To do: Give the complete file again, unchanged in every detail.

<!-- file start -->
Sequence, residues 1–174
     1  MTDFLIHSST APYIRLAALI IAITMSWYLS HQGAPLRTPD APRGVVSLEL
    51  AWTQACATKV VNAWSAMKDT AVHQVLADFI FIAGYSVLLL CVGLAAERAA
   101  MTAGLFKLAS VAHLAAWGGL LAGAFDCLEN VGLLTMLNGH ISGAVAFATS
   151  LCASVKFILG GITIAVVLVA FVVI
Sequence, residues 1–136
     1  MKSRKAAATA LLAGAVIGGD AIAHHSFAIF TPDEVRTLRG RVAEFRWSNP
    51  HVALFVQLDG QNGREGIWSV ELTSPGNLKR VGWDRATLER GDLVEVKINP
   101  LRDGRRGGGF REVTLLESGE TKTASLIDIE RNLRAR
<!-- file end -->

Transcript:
Sequence, residues 1–174
     1  MTDFLIHSST APYIRLAALI IAITMSWYLS HQGAPLRTPD APRGVVSLEL
    51  AWTQACATKV VNAWSAMKDT AVHQVLADFI FIAGYSVLLL CVGLAAERAA
   101  MTAGLFKLAS VAHLAAWGGL LAGAFDCLEN VGLLTMLNGH ISGAVAFATS
   151  LCASVKFILG GITIAVVLVA FVVI
Sequence, residues 1–136
     1  MKSRKAAATA LLAGAVIGGD AIAHHSFAIF TPDEVRTLRG RVAEFRWSNP
    51  HVALFVQLDG QNGREGIWSV ELTSPGNLKR VGWDRATLER GDLVEVKINP
   101  LRDGRRGGGF REVTLLESGE TKTASLIDIE RNLRAR